COVID-19: Expert Reviews of Relevant and Emerging Literature2021-04-28T15:30:24-04:00

Communication by Key Leaders

With so many changes happening with COVID-19 protocols, it is not surprising that many people are confused or uninformed. This is especially true for individuals with school-aged children as each school is often tasked with coming up with their own safety policies regarding quarantines, masks, and vaccinations. It is important then for schools to understand effective communication strategies to educate families. This article addresses the challenges educators face when trying to communicate timely, transparent, culturally appropriate information in an efficient manner. Here are four suggestions for schools to consider when communicating about COVID-19:

Biden Administration Vaccine Mandate Plan

Nearly 10 months after the rollout of the first Covid-19 vaccines, the United States remains mired in a nearly uncontrolled pandemic. Nationwide, infection rates are ten times higher than what are needed to contain the spread of the virus, and hospitals and health systems in many states, including Indiana, are rationing health care services to address the latest wave of Covid-19-related hospitalizations. 

COVID-19 Cases Among Adolescents

August means returning to school for many children. This year, many schools are attempting to return in-person, which is proving challenging with the accelerated spread of the COVID-19 Delta variant (97.6% of samples in August). Cases among adolescents (0 – 17 years of age) are as high as they’ve been since January 2021. With other respiratory viruses circulating in schools, it’s the perfect storm for illness spreading in schools.

Vaccine Comparison 

The American Medical Association (AMA) strongly endorses COVID-19 vaccination and in an attempt to help improve vaccination rates, they are providing important information about the dangerous Delta variant. AMA Chief Health and Science Officer Mira Irons, MD, and AMA Board of Trustees Chair-elect and liaison to the CDC’s Advisory Committee on Immunization Practices Sandra Fryhofer, MD, wanted patients to know the following information about the current state of COVID-19:

COVID-19 Vaccination Mandates

NOTE: Because this is now a once-a-month post, I’m including lots of links to other pieces of interest in the text. I strongly encourage you to explore the issues raised in these articles.

Examining How We Collect Race and Ethnicity Data

Public Health Workforce

Responding to the Rise of the Delta Variant

Impacts on Health Care Workers

This report by Weine et al. provides an analysis of impacts of the COVID-19 pandemic on the health care workforce and recommendations for minimizing adverse impacts now and over time. The authors are an interdisciplinary group of over four dozen faculty experts across the University of Illinois System and includes both case studies and broader overviews.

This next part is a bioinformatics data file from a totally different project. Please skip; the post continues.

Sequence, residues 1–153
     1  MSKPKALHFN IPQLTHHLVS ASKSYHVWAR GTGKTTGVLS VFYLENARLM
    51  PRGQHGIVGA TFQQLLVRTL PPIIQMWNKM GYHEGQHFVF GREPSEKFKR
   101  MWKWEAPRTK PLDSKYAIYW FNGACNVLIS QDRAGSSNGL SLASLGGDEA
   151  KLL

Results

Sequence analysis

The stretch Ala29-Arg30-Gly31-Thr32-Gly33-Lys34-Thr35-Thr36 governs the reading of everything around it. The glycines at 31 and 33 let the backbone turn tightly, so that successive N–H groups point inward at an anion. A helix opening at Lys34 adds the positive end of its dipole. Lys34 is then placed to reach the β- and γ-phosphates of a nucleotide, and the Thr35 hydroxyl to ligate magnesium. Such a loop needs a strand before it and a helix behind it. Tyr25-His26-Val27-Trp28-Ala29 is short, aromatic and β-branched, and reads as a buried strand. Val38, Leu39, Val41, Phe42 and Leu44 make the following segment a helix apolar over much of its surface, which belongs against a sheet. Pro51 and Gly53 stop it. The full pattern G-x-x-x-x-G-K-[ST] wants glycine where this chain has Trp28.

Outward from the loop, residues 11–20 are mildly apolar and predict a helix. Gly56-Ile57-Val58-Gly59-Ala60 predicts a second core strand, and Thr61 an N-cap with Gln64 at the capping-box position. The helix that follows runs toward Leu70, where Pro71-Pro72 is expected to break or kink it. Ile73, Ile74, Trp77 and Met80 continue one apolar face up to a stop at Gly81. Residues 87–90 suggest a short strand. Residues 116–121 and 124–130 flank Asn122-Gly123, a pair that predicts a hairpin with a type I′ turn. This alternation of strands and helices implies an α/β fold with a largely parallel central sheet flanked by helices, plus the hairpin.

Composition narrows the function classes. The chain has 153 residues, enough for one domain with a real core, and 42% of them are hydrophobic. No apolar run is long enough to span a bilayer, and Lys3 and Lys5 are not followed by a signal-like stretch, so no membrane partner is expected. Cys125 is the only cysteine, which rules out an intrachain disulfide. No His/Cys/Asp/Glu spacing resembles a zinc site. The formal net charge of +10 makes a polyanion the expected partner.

Among the major impacts identified are:

Ongoing analysis of COVID-19 era data is uncovering important patterns to improve our understanding of pandemic effects on children and to inform post-pandemic schooling and education policy. New evidence characterizes (1) youth unemployment changes throughout the pandemic, (2) schooling modes over time, and (3) enrollment declines by student, family, and school characteristics.

Aside from the CDC extending its eviction moratorium through July, this has been a light week for COVID-19 law and ethics news. Below is a rundown of other recent stories of interest:

Policymakers and researchers are both investigating how different student subgroups were affected by the pandemic and looking ahead to what we will be able to learn and study about education and schools during COVID-19 and how parents feel about in-person schooling in the fall.

The authors of this article examine whether social and behavioral risk factors were associated with mortality related to COVID-19 among US veterans.  Specific risk factors examined in the study include housing problems, financial hardship, and tobacco, alcohol, and substance use.  Data were retrieved from the VA Corporate Warehouse.  The primary method of data analysis was multivariable logistic regression models.  The sample consisted of 27,640 veterans.  The results indicated that of the social and behavioral risk factors, housing problems (adjusted odds ratio [AOR], 0.96; 95% CI, 0.77-1.19; P = .70), financial hardship (AOR, 1.13; 95% CI, 0.97-1.31; P = .11), current tobacco use

Obamacare Upheld by the U.S. Supreme Court

On Wednesday, the Supreme Court, in its  7-2 decision in the Texas v. California case, refused to find that the Affordable Care Act was unconstitutional, determining that the plaintiffs (which included the state of Indiana) did not have standing to bring a claim in court against the law.

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